Proceeds of Christmas lighting contest in Liberty presented to Rainbow Room

Cyndie Abshire (second from right) accepts checks for $450 from some of the sponsors of Light Up Liberty, a Christmas lighting contest for Liberty. The contest was founded by Betty Runkle, owner of The Health Fix, and sponsored by Meadow Noyer AllState, Bluebonnet News, Precision Lawns and the Liberty-Dayton Area Chamber of Commerce. Pictured left to right are Mary Anne Campbell with the chamber, Runkle, Abshire and Meadow Noyer.

Organizers of the Light Liberty Up, a Christmas decorating contest for the city of Liberty, on Friday, presented checks totaling $450 to Cyndie Abshire, president of Liberty County Child Welfare Board.

The money – generated by contest entry fees and donations – will be used to restock LCCWB’s Rainbow Room, which provides emergency supplies, such as diapers, clothing, formula, bottles, hygiene supplies and toiletries for children who are removed or at risk of being removed from their homes due to neglect or abuse. 

Each of the eight participating businesses in the contest paid a $25 entry fee. The sponsors of the contest – The Health Fix, Meadow Noyer AllState, Precision Lawns, Bluebonnet News and Liberty-Dayton Area Chamber of Commerce – chipped in to bring the total donated to $450.

The Liberty County Child Welfare Board was formed on Feb. 27, 1978, through Liberty County Commissioners Court. Liberty County was one of the first Texas counties to form such a board, according to Abshire.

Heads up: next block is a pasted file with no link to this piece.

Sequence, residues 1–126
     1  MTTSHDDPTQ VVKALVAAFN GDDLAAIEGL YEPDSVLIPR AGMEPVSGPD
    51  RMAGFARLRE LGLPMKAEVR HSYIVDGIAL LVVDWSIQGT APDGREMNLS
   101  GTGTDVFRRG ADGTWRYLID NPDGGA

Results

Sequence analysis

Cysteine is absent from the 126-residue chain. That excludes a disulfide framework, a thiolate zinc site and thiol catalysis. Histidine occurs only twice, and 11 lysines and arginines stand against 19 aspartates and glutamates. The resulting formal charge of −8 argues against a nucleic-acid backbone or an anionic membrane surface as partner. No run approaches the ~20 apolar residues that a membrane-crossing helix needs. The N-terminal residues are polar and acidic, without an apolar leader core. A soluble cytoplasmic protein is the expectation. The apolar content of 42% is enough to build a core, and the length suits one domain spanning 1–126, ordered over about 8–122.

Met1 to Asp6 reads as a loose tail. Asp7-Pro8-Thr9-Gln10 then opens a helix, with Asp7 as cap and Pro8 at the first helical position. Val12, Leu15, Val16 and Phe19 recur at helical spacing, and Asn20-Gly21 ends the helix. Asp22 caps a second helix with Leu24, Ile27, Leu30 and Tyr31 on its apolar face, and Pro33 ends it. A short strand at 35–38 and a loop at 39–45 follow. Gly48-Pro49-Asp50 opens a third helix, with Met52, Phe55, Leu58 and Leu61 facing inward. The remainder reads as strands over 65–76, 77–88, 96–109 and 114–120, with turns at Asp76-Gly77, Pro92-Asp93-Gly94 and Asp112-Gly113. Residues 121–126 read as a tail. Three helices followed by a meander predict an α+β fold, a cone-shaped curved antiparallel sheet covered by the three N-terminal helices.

“The board was created to work hand in hand with commissioners on issues that relate to the needs of foster children in Liberty County. We have an all-volunteer board with members who have a heart for the children of Liberty County,” Abshire said. “Some of our board members are retired school teachers. We try to have representation on the board from each end of the county. Currently, we have one vacancy with the loss of John Hebert.”

Hebert, who was treasurer of the organization at the time of his death and served many terms as president, passed away in 2020.

Not all of the money donated to Rainbow Rooms goes toward children removed from their homes due to neglect or abuse. Oftentimes, caseworkers with Children’s Protective Services, will pick up cleaning supplies from the Rainbow Room to help a family avoid removal by cleaning up their home and making it safe for their children.

“The caseworkers work to keep children in their own home if at all possible,” Abshire said.

With a never-ending need for items for the Rainbow Room, the Child Welfare Board relies on donations from the community.

“We have a wish list year-round,” she said.

To make a donation or to find out ways you can help, send an email to Abshire at cyndieabshire@yahoo.com or call 936-402-3194. Items may also be dropped off at the CPS office that serves all of Liberty County. It is located at 1405 Monta St., Liberty.

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